First, a slew of qualifications, caveats and disclaimers; I like to differentiate between U.S. born artists of Latino heritage and international artists. Second, keep in mind “Latino sounding last names” does not indicate who is Latino behind a film (and a Latino sounding last name does not necessarily indicate that person identifies as Latino and or tells Latino stories). I mention this to emphasize Latino identity is often subjective and always complex. Lastly, these are not reviews or spoilers but a quick reference for those interested in tracking emerging Latino talent and topics.
Perhaps more ubiquitous to spot are the Latinos in front of the camera; J-Lo plays Lila opposite queen bee Viola Davis in Lila and Eve. John Leguizamo has a role in The Experimenter, the late Elizabeth Peña has a wicked cameo in Grandma opposite Lily Tomlin. Tony Revolori (Grand Budapest Hotel) plays the Latino kid in Dope. Scott Mescudi is Christopher Abbot’s friend in James White.
Exciting acting debuts to watch out for include Kitana Kiki Rodriguez in Sean Baker’s pulsing Tangerine and Robert Lorrie in The Strongest Man by Kenny Riches, both in the indie gem Next section.
There are eight films that have Latino subjects. Two films in U.S. Documentary Competition are about the U.S./Mexico border, which makes me very happy (not the anguishing realities portrayed in the films but the fact that Sundance recognizes the urgency of the conversation and supports these filmmakers novel perspectives in tackling the complexities of the ongoing drugwar.
Alfonso Gomez-Rejon in the U.S. Dramatic Competition with Me, Earl and the Dying Girl. This successful television writer has been quoted about his bordertown childhood; “Laredo is in my DNA, as much as Nuevo Laredo (Mexican state across the border) is in my DNA”.
Kyle Alvarez who has Cuban roots, is at the festival with his third feature, The Stanford Prison Experiment.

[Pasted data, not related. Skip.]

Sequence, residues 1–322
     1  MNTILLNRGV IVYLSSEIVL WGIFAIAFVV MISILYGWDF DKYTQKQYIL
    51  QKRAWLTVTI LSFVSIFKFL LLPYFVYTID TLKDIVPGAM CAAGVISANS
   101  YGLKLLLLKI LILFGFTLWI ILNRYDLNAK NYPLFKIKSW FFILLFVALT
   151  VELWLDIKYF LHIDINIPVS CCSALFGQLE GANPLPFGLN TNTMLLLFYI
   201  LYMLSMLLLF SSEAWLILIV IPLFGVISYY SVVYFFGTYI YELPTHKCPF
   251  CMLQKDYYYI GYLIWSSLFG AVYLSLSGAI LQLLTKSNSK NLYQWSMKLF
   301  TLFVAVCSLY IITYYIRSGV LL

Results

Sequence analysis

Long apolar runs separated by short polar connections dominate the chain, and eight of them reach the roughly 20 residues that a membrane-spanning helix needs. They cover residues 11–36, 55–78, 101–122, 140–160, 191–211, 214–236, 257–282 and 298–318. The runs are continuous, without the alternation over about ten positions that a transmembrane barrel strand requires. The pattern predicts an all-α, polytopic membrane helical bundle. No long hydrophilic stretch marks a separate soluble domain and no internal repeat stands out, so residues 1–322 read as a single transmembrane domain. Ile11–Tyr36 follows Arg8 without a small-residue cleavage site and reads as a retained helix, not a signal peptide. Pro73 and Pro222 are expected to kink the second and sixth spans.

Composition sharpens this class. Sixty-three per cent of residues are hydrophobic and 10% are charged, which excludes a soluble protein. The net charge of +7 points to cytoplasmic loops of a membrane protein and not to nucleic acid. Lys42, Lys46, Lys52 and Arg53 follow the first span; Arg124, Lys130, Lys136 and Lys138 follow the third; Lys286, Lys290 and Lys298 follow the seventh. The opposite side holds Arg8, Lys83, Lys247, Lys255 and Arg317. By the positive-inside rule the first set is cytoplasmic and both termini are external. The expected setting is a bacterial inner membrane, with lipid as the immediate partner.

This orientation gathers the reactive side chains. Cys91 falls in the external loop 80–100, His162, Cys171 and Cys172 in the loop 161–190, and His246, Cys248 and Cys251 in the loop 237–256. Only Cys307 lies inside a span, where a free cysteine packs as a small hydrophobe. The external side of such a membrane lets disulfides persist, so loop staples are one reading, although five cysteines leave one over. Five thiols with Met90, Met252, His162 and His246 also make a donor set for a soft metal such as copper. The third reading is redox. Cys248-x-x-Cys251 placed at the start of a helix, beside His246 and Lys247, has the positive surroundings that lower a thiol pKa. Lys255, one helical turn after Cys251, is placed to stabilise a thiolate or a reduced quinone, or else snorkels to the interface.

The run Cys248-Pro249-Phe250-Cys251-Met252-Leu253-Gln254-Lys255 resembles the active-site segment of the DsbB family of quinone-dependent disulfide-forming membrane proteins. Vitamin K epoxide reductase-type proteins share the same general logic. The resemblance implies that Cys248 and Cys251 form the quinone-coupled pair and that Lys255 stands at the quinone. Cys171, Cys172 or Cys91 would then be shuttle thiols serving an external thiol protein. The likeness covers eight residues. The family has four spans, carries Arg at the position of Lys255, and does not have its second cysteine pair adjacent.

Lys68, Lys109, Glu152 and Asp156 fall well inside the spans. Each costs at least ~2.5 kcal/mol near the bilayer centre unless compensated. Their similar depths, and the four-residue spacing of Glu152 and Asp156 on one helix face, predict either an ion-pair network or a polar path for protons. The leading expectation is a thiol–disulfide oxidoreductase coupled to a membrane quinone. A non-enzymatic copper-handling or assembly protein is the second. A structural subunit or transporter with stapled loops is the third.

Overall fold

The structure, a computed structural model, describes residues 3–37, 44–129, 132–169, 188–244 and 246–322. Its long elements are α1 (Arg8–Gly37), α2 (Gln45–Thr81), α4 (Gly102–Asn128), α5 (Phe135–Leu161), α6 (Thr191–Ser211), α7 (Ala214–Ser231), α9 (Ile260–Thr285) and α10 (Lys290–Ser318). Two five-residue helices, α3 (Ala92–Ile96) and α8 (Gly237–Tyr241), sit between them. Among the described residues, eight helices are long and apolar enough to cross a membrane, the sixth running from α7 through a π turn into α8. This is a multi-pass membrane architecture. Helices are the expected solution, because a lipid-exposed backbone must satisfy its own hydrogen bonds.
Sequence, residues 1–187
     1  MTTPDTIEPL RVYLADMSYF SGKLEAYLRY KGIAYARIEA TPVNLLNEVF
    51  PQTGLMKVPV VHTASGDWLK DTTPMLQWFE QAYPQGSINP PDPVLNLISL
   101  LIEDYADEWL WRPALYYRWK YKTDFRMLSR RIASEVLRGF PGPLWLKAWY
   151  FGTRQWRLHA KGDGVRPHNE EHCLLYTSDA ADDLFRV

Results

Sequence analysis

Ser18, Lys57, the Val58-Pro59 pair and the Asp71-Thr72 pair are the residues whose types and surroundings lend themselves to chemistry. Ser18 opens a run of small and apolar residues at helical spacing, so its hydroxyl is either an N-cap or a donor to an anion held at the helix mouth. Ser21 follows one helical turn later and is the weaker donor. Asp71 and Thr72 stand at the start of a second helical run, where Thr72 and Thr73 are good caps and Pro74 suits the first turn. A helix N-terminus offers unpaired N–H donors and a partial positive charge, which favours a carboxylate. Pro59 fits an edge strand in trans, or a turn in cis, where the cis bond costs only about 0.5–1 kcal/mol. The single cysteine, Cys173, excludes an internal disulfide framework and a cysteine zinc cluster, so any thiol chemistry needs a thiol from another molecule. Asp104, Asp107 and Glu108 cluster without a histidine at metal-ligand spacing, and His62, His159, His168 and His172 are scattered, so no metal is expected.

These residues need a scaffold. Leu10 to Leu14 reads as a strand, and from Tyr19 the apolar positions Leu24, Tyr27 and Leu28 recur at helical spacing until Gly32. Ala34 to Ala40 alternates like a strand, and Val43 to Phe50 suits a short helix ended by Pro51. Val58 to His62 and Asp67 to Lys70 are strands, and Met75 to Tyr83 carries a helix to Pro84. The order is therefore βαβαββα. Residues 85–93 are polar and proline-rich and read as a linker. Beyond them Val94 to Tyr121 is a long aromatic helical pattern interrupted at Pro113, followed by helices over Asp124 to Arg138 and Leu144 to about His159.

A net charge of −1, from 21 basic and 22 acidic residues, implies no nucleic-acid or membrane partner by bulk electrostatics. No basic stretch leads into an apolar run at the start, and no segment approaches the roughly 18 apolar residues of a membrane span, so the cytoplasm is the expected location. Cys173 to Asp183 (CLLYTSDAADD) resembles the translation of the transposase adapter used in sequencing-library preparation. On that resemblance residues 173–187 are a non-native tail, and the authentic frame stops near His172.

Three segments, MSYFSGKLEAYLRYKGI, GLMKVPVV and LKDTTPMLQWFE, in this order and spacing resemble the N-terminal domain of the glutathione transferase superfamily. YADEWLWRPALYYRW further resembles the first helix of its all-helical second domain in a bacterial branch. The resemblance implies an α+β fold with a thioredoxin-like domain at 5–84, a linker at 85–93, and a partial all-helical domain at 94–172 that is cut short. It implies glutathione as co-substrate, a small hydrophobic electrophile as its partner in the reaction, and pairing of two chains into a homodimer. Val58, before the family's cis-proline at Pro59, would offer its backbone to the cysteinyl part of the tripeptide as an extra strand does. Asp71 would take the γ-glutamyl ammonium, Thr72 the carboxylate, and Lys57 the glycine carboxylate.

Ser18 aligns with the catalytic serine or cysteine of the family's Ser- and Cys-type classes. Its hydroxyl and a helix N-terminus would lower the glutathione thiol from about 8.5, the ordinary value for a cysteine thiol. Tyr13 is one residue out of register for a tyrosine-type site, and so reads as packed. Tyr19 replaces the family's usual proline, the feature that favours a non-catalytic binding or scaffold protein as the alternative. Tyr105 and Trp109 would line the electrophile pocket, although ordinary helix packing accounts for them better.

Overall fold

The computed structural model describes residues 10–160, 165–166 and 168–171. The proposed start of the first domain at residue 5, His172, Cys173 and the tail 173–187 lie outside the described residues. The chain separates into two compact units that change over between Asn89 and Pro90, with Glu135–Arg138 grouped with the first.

Daniel Garcia who recently was named “Filmmaker to Watch” at the Independent Spirit Awards co-directed the enigmatic film, H. in Next. He is from Texas and has family from Mexico. Check out the trailer:
In the shorts program we got Reinaldo Green with the powerful Stop, Ryan Gillis with animated short film Palm Rot and Ronnie Rivera and Bernardo Britto are the co-directors of The Sun Like a Big Dark Animal.
If we are including writers/directors born and raised in another country but based in the U.S. let’s add:
Rodrigo Garcia – The Colombian born Mexican long time LA resident is back in Premieres with Last Days in the Desert shot by Mexican Oscar winner DP Emmanuel Lubezki (Gravity).
Sebastian Silva from Chile based in NY returns with Nasty Baby featuring another juicy dramatic performance from Kristen Wiig following last year’s Skeleton Twins.
And two international filmmakers who are making their English language debuts:
Claudia Llosa from Peru wrote and directed Aloft starring Jennifer Connelly and Cillian Murphy which premiered at last year’s Berlin Film Festival.
J.M Cravioto makes his English language and fiction narrative debut with horror midnight movie, Reversal.
It’s worth noting not one of these films feature Latino actors with the exception of Silva who stars in his film, and Reinaldo Green’s Stop. And I will take a step further to comment those films do not have a storyline that reflects a Latino experience (I know, we can debate what qualifies as a Latino experience).
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